The state of local authority procurement and the challenges ahead
17th May 2018
Posted by Dr Adam Read.
Value for money, affordability and risk are without question the current watch words for our sector, and they are inextricably linked, and at the heart of all decisions about future service direction, from kerbside collections and recyclate processing, to residual treatment.
These watch words featured heavily in the discussion during a recent CIWM webinar, from earlier this week, which SUEZ sponsored, on procuring appropriate and sustainable waste management services.
Chris Murphy, deputy CEO of CIWM chaired and I was fortunate to be joined on the panel by Dan Roberts from South Staffordshire District Council (and LARAC) and Sarahjane Widdowson from Ricardo, who have authored a new toolkit designed to help local authorities prepare for potential future service procurement.
Over 80% of the delegates attending were due to go out to market in the next three years and judging by the questions asked are already trying to address these themes head-on.
This is heartening, but there are many more authorities out there that weren’t on the webinar and who may decide to procure some or all of their waste services in the near future, and that is the reason that SUEZ sponsored Ricardo to develop the toolkit, to help share both consultant and contractor views about what makes a good procurement and what trends and issues officers should be aware of that could impact on the quality of the submissions and the interest of the market.
“Making the right decision for your local area (district, borough, partnership, county etc.) will require officers to really think about our global system of materials and resources irrespective of what service they intend procuring and / or delivering.”
For authorities contemplating the “what next” question there are a number of often competing issues that need to be considered before either going to market or taking the decision that the best value route may be to internalise service delivery.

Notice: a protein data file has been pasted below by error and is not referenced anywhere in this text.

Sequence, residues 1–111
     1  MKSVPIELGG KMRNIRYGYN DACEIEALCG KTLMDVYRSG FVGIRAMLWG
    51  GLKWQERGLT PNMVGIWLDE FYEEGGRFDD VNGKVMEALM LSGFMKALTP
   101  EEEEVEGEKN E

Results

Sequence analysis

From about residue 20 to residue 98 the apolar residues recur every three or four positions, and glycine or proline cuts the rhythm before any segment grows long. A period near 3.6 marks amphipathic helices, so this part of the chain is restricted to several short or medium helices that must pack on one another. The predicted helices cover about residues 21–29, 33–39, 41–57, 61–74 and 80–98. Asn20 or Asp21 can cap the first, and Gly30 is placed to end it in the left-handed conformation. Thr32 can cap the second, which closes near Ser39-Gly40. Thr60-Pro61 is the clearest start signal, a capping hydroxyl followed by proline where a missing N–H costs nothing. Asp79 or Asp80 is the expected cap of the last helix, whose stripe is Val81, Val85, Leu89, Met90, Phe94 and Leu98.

Decisions on what might be the right solution locally must also take into consideration the regional dimension (including possible partners and capacity), the national dimension (with current, and future policy and targets) and the international dimension (in particular the impact of leaving the EU on policy and commodity markets).
Making the right decision for your local area (district, borough, partnership, county etc) will require officers to really think about our global system of materials and resources irrespective of what service they intend procuring and / or delivering.
So, what were the key messages from the discussions?
Value for money?
Having a good understanding of what you want to achieve is vital when considering whether the service is value for money and this means doing some analysis up front. An options appraisal can help you to fine tune exactly what you want and what performance you expect your service to achieve whether it’s a high recycling rate, clean streets or a widely accessible HWRC network.
Decisions on value for money can then be evidenced and aligned with local priorities, and benchmarked against neighbouring authorities, and industry best practice etc. Value for money also means comparing ‘apples with apples’ so ensure assumptions, service design and general definitions are consistent when comparing like for like, whether it be recycling target and frequency of collection, or the potential to outsource or insource a service.
The private sector fully appreciate that Local Authorities are still under significant financial pressure and will continue to be for at least a few more years, after all we have been working with you through austerity, adapting services to save money, and looking at ways of delivering potential commercial income share or reducing unnecessary costs (from contaminated loads etc.). This financial pressure will often result in a decision on ‘what’s affordable’, but that isn’t always the best indicator or measure.
“Talking to the market about your situation can open up opportunities, but you must do this early so you can factor it into any planned procurement, and to enable a true value for money assessment to be conducted.”
When considering what your authority might be able to afford you must also take into consideration what it will cost you to not implement change, for example a lack of investment in recycling services and associated communications in the short term can mean stagnating recycling rates and low public perception which can result in declining participation and rising contamination levels.